Now that Barcelona has hit the B3 stepping I don't think that will be a problem for them with Opteron going forward. In the short run for the consumer desktop I think AMD will have a tiger of a cpu when the company introduces its 45nm Barcelonas with more L2. Meantime, I'm loving my Phenom 9850 on my MSI K9A2 Platinum desktop at home...;)
  • Sunrise089 - Monday, May 12, 2008 - link

    Exactly. Users like Strikeback above need to use their arithmetic skills. Revenue numbers mean nothing, profit means everything (it's why a company like Microsoft is generally considered to be preforming better than a company like General Motors). If I have revenue of 100 trillion dollars, and profit margins of 0%, a company with $1000 in sales and 50% margins will walk away with more cash.

    What the chart Johan posted above shows is that the 20% sales tail wags the 80% profit dog, and that AMD and Intel are roughly even at the moment. Intel's success comes from a much larger slice of the 80% sales slice of the pie, which is an edge but nowhere near as important as the 20% servie slice.

    Incidentally, the AMD vs. Intel situation is very close to the Nintendo vs. MS/Sony during the previous console generation. Forum poster after forum poster lamented Nintendo's small sales numbers, while a small minority of posters realized the importance of Nintendo's much higher margins of software and slightly higher hardware margins. Even without a runaway sales hit (which they now have) Nintendo made more profits than their rivals due to higher profit margins. Of course AMD isn't doing BETTER than Intel, nor are they guaranteed to combine margins with very high sales like Nintendo has done since the Wii/DS launch, but rumors off their death are greatly exaggerated so long as they hold on to 50% of the sub-market
    that is responsible for 80% of industry profits.
    @ Johan - great write-up. I have no knowledge of server computing at all, but i continue to like your articles more and more, especially for you offering such a clear overview of the market that anyone can understand.
  • Pirks - Monday, May 12, 2008 - link

    Hey, it's not only Nintendo/Sony story, it's also Apple/PC story - Apple makes gobs of money because their computers are so much more expensive than mass market Wintel PC computers. Even though Apple sells much less units - they still make MORE PROFIT than a lot of cheapo PC making companies like Dell. That's something I love to hit Wintel PC fanatics with here on anandtech/dailytech forums.
  • Griswold - Wednesday, May 14, 2008 - link

    Would be a good example if apples profit mostly came from desktop and notebook sales - which it doesnt. And if Dell wasnt such a limping dog. Why not compare it to HP for example?
  • Noya - Tuesday, May 13, 2008 - link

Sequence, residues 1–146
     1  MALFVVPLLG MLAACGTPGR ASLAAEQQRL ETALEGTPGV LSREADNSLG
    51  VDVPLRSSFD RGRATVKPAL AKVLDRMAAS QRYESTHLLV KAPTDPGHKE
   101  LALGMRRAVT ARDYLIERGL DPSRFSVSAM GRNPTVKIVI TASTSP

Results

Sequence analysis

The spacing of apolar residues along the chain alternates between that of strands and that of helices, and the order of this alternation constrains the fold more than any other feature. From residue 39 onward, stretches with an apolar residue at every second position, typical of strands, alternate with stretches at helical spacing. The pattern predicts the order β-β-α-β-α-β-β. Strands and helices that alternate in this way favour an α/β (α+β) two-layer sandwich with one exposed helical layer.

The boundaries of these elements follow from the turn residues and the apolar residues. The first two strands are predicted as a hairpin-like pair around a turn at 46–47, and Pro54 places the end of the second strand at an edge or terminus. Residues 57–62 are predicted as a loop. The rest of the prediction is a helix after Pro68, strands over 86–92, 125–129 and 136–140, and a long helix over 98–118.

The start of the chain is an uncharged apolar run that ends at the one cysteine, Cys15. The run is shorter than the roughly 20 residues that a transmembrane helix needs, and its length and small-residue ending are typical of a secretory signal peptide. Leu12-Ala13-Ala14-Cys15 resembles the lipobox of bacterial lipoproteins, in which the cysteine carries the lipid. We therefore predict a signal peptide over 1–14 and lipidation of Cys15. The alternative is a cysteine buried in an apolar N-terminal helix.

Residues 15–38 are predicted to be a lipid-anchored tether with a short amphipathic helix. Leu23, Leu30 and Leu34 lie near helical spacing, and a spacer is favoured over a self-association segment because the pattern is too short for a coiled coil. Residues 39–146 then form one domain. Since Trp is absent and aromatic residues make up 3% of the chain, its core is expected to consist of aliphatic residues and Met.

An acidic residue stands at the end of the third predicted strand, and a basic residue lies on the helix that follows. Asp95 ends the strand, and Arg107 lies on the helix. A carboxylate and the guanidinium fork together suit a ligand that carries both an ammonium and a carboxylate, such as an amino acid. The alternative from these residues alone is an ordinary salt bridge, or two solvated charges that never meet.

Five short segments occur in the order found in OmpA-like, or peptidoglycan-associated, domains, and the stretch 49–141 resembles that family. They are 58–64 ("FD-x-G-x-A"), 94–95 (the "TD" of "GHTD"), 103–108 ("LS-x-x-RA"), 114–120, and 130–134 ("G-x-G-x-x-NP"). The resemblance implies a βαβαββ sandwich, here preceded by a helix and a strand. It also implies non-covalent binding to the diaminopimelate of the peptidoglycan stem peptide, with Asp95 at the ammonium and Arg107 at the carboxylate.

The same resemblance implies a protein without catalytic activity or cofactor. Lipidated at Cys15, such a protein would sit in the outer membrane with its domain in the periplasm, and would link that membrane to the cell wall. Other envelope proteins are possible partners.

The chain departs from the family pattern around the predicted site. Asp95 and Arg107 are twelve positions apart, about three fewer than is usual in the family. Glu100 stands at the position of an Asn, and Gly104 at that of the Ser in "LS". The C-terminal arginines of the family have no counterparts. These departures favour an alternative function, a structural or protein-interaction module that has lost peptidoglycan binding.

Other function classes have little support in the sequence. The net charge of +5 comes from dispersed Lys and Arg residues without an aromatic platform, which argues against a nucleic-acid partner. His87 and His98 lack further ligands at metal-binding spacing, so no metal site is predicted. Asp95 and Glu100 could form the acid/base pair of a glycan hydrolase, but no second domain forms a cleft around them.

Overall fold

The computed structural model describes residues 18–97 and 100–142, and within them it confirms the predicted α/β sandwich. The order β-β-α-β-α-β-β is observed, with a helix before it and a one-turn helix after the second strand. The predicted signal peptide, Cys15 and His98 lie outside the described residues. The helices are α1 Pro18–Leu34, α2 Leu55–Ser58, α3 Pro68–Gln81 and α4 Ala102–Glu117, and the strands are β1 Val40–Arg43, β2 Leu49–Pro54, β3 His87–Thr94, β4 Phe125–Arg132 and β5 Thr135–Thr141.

Of course Apple has higher margins...their customers have lost most of their higher brain functions- observe how they can only talk while their hands swing wildly through the air and they can't comprehend how to use a two-button mouse.

    (think of the Handyman from "In Living Color" with his one good arm and gimp voice):
    "It just works for me!"

    "Something you love to hit" PC enthusiasts with?

    PC enthusiasts/hobbyists BUILD their own machine to the exact specs they want/need for market prices on the hardware with full upgradeability...they don't care about Dell/HP/etc.

    If it makes you feel "special" to pay 3x the price for the same hardware that has an Apple logo on it...you're called a sheep and watch too many Apple commercials.
  • Pirks - Tuesday, May 13, 2008 - link

    "3x the price" is an ancient urban myth that has been destroyed a long time ago, check your prices again.

    And while pc guys build their stuff you should not forget that vast majority of consumers buy brand name computers and they don't care what serial number is on their CPU and how much voltage it can take for proper OC. They care more about design, ergonomics, user friendliness and stuff like that - things that are totally alien to pc building enthusiasts. This is the area where Apple spits on Wintel PCs and rubs it in - 'cause their computers are head and shoulders more novice/non-techie (i.e. mass consumer) user friendly than any Windows PC. Just read all those reviews and horror stories about dumb Vista UAC, underpowered sllooowww PCs sold with Vista everywhere and stuff like that - they tell all the story the mass consumer needs to know.

    And no other arguments like Crysis or overclocking or other enthusiast lingo can make any difference for mass consumer - it's like talking nuclear physics to them.

    So, enjoy your niche PC enthusiast market, nothing wrong with that, but also do not forget about the masses and gazillions of computer illiterate people who don't give a thing about your PC enthusiastic overclocking watercooling blah blah glory - these are all future Apple clients, just look at how Mac sales grow all the time
  • Borreson - Tuesday, May 13, 2008 - link

    Where the ancient urban myth still rings true is that Apple has chosen not to compete in certain segments of the PC market.

    For instance, you can't buy a $500 budget Core 2 Mac tower. You can't buy something with the iMac's specs that lets you swap out the video card or that allows you to choose what monitor you prefer. You can't buy a sub-$2000 notebook nor a 13" subnotebook with a discrete GPU.

    The general level of hardware flexibility in expected by enthusiasts is only present in the Mac Pro, which starts at 3x the price of the white box that an enthusiast might consider building.

    When you go and compare that Mac Pro to a competing Dell or a white-box Intel server/workstation, the Mac Pro's lofty price tag looks a lot more reasonable. It's really difficult to build a dual-quad-core workstation with gargantuan memory capacity and all the bells and whistles and have the price tag not balloon beyond reason. With the Mac Pro you get the signature Apple friendliness and hipness wrapped around a monstrous piece of hardware, and if you buy it immediately following a new release or a price adjustment, it's usually hundreds of dollars less than the competition's arguably inferior product (entirely depending upon your priorities and how much of Steve Jobs' pot you've been smoking). Oh, and they're whisper quiet.

    But if you want a Mac with a PCI Express slot and don't want to pay $2300+, you're don't have *ANY* options, because for some reason having any expansion capability is bundled only with having an 8 core monster. The Mac Pro is complete overkill for most purposes and yet still has some significant hardware shortfalls in many areas (ie: memory performance for gaming, legacy hardware support, price/performance for upgrades) compared to an $800 white box tower.

    (There's nothing like an AMD vs Intel article to bring out the Mac vs PC platform war. Woo?)